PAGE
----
Dual purpose batteries are often used not only as main boat batteries, but also as batteries for golf carts, Recreational Vehicles (RV) batteries, All Terrain Vehicles (ATV) batteries, Uninterruptible Power Supply (UPS) batteries etc.
Dual purpose batteries are usually Valve Regulated Lead Acid (VRLA) Sealed Lead Acid (SLA) batteries - either gel cell batteries or Absorbed Glass Mat (AGM) batteries. They don't require to be positioned vertically like flooded lead acid batteries, they are almost maintenance free, and very tolerant to vibrations and shocks - they will tolerate electric and physical abuse, just don't push them to hard (don't hit them with the hammer, anchor, chain, rock etc.).
Dual purpose marine batteries don't have to be lead acid batteries. With the improvement of technology, lithium batteries are present more and more on boats, yachts and ships, not only for powering small electronic devices, but also as main boat battery/battery pack.
Lithium batteries have many advantages:
- they are 70-80% lighter for the same amount of stored energy,
- they have 5-10x longer lifespan regarding number of charging/discharging cycles (discharge up to 80% of declared capacity),
- they come in common group sizes or have foam, rubber or plastic spacers,
- they are designed and built as direct VRLA SLA battery replacement - just replace 'old' lead acid battery with the new lithium battery.
- zero maintenance.
To help people transition from lead acid to lithium batteries, most lithium marine batteries come with onboard electronics featuring:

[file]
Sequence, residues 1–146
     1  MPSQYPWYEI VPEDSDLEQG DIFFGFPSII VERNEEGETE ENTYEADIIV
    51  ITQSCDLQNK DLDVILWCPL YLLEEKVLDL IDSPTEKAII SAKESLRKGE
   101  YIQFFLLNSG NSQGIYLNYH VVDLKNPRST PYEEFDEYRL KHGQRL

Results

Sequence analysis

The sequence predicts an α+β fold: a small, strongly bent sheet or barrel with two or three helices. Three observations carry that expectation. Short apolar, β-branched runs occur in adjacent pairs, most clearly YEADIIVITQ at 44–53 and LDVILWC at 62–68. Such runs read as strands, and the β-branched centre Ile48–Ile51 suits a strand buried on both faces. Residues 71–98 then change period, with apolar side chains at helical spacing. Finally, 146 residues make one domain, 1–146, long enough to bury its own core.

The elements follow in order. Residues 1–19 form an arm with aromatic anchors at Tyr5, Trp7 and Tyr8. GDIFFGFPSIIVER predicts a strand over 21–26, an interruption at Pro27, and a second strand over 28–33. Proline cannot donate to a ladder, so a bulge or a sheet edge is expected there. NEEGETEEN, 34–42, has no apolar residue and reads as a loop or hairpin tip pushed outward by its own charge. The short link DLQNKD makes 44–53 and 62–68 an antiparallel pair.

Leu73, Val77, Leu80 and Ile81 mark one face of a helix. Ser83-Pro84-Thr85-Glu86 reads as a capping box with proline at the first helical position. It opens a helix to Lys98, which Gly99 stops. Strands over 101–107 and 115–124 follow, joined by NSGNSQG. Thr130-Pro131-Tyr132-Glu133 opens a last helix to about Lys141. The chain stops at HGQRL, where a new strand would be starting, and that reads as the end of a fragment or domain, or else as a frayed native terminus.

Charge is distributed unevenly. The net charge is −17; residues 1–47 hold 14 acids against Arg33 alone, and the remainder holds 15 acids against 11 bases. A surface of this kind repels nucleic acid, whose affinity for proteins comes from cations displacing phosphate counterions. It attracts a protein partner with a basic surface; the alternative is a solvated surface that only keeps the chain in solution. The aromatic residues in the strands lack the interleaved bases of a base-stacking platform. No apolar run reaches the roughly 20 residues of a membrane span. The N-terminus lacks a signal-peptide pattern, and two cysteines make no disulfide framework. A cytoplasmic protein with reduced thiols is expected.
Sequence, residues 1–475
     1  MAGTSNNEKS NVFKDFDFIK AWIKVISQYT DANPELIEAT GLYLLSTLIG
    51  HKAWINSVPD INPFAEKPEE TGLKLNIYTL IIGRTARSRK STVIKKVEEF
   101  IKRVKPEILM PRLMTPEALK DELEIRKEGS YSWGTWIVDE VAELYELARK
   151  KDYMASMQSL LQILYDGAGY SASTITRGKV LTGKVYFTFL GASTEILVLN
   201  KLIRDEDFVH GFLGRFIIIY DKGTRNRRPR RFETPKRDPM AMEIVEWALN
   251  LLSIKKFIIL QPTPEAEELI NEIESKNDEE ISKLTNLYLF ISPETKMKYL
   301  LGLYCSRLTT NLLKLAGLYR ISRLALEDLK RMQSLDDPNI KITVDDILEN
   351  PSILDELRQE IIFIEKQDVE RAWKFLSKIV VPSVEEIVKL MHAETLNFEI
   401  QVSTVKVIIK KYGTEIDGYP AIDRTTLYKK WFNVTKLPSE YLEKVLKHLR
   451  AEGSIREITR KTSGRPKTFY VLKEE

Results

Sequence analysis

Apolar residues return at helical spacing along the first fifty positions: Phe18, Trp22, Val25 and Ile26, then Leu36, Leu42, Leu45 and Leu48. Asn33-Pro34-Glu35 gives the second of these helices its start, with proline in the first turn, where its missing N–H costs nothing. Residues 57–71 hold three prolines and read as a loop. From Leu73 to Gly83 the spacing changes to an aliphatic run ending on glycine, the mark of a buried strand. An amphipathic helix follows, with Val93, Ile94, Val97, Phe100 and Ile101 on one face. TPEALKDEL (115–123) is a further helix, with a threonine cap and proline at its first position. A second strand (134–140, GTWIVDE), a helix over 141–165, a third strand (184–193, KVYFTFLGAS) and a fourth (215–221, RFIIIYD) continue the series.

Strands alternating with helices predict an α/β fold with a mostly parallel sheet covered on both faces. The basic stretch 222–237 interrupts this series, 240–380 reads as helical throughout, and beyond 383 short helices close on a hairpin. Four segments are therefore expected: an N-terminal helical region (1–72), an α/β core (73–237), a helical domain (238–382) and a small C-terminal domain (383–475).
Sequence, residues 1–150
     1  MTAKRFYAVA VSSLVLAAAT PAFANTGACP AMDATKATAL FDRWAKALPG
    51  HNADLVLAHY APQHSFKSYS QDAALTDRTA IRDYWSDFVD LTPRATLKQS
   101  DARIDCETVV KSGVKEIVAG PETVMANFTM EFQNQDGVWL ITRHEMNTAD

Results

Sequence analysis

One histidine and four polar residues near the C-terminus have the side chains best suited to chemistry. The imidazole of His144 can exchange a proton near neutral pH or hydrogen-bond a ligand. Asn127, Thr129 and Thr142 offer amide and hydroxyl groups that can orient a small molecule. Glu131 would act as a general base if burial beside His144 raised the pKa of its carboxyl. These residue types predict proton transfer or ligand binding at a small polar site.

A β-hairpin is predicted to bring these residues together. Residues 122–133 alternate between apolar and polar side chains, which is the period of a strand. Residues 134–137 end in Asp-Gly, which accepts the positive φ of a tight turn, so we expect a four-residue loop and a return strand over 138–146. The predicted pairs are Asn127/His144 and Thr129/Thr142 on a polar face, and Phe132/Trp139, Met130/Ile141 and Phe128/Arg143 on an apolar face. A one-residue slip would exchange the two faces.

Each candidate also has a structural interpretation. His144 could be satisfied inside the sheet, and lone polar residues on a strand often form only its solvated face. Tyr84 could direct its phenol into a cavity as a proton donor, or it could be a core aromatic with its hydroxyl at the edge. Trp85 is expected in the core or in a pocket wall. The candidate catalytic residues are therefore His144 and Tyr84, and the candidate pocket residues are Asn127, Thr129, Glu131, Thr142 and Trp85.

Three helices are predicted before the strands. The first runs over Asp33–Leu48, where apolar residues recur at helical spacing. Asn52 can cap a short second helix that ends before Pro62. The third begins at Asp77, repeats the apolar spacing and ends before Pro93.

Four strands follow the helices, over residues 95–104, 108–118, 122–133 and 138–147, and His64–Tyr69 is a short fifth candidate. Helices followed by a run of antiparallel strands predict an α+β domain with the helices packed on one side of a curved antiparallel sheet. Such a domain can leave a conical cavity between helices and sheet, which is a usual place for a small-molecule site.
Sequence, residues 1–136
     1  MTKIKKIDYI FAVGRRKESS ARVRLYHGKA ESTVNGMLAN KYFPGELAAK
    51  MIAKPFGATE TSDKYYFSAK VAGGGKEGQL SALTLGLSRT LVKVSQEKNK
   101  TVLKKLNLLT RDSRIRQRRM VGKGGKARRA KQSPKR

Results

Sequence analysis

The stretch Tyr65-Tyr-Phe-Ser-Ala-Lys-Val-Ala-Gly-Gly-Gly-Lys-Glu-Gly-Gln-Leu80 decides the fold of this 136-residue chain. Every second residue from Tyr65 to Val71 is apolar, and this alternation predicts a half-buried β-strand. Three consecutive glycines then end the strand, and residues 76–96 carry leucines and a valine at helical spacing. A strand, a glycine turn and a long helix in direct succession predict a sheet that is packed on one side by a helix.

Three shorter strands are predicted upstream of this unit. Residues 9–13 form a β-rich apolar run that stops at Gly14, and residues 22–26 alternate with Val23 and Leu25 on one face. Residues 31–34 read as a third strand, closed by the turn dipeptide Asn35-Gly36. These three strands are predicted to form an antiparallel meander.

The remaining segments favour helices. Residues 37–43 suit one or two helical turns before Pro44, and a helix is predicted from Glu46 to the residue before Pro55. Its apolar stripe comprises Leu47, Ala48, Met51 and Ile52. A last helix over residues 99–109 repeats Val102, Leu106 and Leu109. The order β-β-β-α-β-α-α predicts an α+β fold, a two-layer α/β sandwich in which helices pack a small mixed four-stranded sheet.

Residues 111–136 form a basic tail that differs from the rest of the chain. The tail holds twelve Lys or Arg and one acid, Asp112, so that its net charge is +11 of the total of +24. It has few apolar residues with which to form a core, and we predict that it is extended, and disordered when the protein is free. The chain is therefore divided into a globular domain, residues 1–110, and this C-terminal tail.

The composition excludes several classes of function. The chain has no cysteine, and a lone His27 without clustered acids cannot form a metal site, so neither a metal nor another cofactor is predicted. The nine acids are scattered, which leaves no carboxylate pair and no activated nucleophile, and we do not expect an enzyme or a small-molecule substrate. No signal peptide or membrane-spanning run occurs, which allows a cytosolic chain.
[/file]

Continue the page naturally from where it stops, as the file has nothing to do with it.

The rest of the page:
- discharging over-current protection,
- charging over-current protection,
- thermal protection,
- overcharge protection,
- over-discharge protection,
- standard heavy-duty terminals.
Such electronics enables connecting lithium batteries in parallel (which SHOULD NOT be done with lithium batteries without electronic protection) for obtaining higher capacities or in series for obtaining higher voltages. However, before even considering doing something like that, be sure to read thoroughly the manuals or consider contacting the manufacturer directly - batteries come with various electronic circuits and there are many similar models of 'almost' the same batteries. We emphasize 'almost', because just one different letter in the name of the battery is perhaps all that stands between 'job well done' and the 'fireworks' on your boat.
If unsure, hire a professional to do the job for you.
Long story short - if you need new dual purpose battery for your boat, go for tested and reliable sealed lead acid batteries. Such batteries are heavier, but are cheaper and weight difference means little on the boat. In fact, such batteries are positioned low in the boat and increase the stability of the boat.
If you need light and powerful battery and don't mind spending few extra dollars/euros, go for good lithium iron phosphate (LiFePO4) or similar lithium marine battery - such batteries can be used on small boats, kayaks, golf carts, RV and ATV and similar vehicles, where extra few pounds/kilograms means a lot.